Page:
How To Survive The Jungle – Saturday’s Travel Story

[:en]At first we just assumed they were just making fun of us. Two park rangers, dressed in camouflage outfits and carrying long sticks, stop at every little sound we hear. They then look at us as if we’re about to get scalped and flicked into space by a hungry T-Rex.

No Emergency Exits

Of course we play along as good as we can. On their cue we anxiously look around, declaring love to one another – in case we never see the end of the forest. You can tell that the rangers know very well that we don’t have a clue what we’re doing here, so they gather us around and whisper some safety instructions our way.

In the very unfortunate, but very possible, event of walking into a sloth bear, we’re supposed to group together and pretend we’re one big bear ourselves.

Well, I once learned in theatre class how to do a fried egg impression, but I was probably ill during the bear-imitation lesson. I can’t imagine in a million years a bear would ever fall for that. And adding the facts that these bears are one of few species known to attack without incitement and we have a German girl amongst us who decided it was a well good idea to dress in bright red clothes during a jungle walk, I don’t really expect us to get away alive from an encounter, to be honest. The rest of the wildlife-survival tips from the rangers don’t really comfort me either. When close to a tiger, they suggest us to slowly walk backwards (I used to think that for identification of your body still having your face would speed things up a bit, I could be wrong…) and if there’s a rhino rushing in our direction, we’re best off in a high tree. Surely, group imitating a bear whilst in a tree can prove to be quite hard (in case of meeting both a rhino and a sloth bear at the same time), but then again, apparently sloths are quite keen climbers, so you might want to save yourself the embarrassing ascent –and quickly following descent entirely.

It’s Coming Right At Us!

I’m not sure if they’d made arrangements with the local wildlife, but as soon as the rangers finish their talk about our possible outcomes (in order of seriousness: trampled, very trampled, torn, quartered, unrecognisable mutilated, pulled by one leg from a tree, dragged through the entire forest and then spread on toast by a family of bears…), we hear a terrifying sound coming from the bushes in front of us.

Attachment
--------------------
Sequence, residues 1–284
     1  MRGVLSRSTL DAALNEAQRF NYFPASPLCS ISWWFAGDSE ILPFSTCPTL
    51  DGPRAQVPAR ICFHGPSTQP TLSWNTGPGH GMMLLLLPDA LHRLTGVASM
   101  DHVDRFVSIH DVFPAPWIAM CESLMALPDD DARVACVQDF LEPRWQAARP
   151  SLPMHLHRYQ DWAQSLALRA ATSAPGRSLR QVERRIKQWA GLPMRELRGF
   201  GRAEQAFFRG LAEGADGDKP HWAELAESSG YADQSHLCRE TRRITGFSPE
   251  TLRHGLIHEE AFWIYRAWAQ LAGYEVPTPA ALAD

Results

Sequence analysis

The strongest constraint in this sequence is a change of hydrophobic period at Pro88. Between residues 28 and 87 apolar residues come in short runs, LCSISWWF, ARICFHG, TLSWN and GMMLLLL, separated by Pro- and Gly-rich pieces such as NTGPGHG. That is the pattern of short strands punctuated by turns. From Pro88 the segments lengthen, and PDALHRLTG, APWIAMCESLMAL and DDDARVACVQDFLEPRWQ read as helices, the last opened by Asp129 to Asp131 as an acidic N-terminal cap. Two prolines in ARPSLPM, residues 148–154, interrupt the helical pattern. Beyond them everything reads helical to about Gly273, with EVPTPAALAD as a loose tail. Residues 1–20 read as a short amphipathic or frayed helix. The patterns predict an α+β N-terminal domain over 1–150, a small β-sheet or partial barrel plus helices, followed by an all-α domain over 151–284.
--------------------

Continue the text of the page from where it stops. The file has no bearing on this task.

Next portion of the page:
With every single hair on the back of our necks straight up, we hear the pounding of two pairs of massive hoofs. Through the foliage, we can see heavy bodies crashing into each other, flattening out all the plants and trees around them.

 

Punk’d?

‘Oh yeah’, one of the rangers seems to suddenly remember, as we’re trying to catch our breaths in a tree trunk three meters above the ground. ‘Another possibility is that we meet two male rhino’s fighting each other. Let’s just sit here quietly for a while now.’ After half an hour we’re allowed to go back down and for a moment we wonder if what we just saw wasn’t one of the other park rangers putting up a show for us. If they chase all the tourist groups into a tree, let them shiver of fear up there for a while and bring them back to the resort where they can brag about it to the other guests. But after a 15 minute walk we arrive at a river and know immediately that we weren’t fooled at all. In the middle of the water we can clearly see a big fat and very satisfied looking rhinoceros taking a bath. He doesn’t seem to mind the small audience and takes another plunge with happily rotating little ears. Our jaws drop to the floor and where not too long ago, right here in the Chitwan National Park in Nepal used to sound the hail falling from many rifles… we just shot pictures… lots, and lots of pictures….

  

Travel Memories - How To Survive The Jungle

 

Did you ever go on a jungle tour? What was your best survival skill?